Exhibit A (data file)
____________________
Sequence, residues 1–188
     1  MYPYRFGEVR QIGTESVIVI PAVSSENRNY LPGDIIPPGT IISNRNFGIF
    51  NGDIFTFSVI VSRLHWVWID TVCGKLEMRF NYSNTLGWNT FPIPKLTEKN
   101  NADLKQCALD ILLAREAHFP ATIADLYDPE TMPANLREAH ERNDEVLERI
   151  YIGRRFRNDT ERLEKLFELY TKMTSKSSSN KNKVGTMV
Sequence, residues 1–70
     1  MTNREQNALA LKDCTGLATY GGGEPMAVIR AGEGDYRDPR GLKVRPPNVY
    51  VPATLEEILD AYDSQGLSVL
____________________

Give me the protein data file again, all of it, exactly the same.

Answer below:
Sequence, residues 1–188
     1  MYPYRFGEVR QIGTESVIVI PAVSSENRNY LPGDIIPPGT IISNRNFGIF
    51  NGDIFTFSVI VSRLHWVWID TVCGKLEMRF NYSNTLGWNT FPIPKLTEKN
   101  NADLKQCALD ILLAREAHFP ATIADLYDPE TMPANLREAH ERNDEVLERI
   151  YIGRRFRNDT ERLEKLFELY TKMTSKSSSN KNKVGTMV
Sequence, residues 1–70
     1  MTNREQNALA LKDCTGLATY GGGEPMAVIR AGEGDYRDPR GLKVRPPNVY
    51  VPATLEEILD AYDSQGLSVL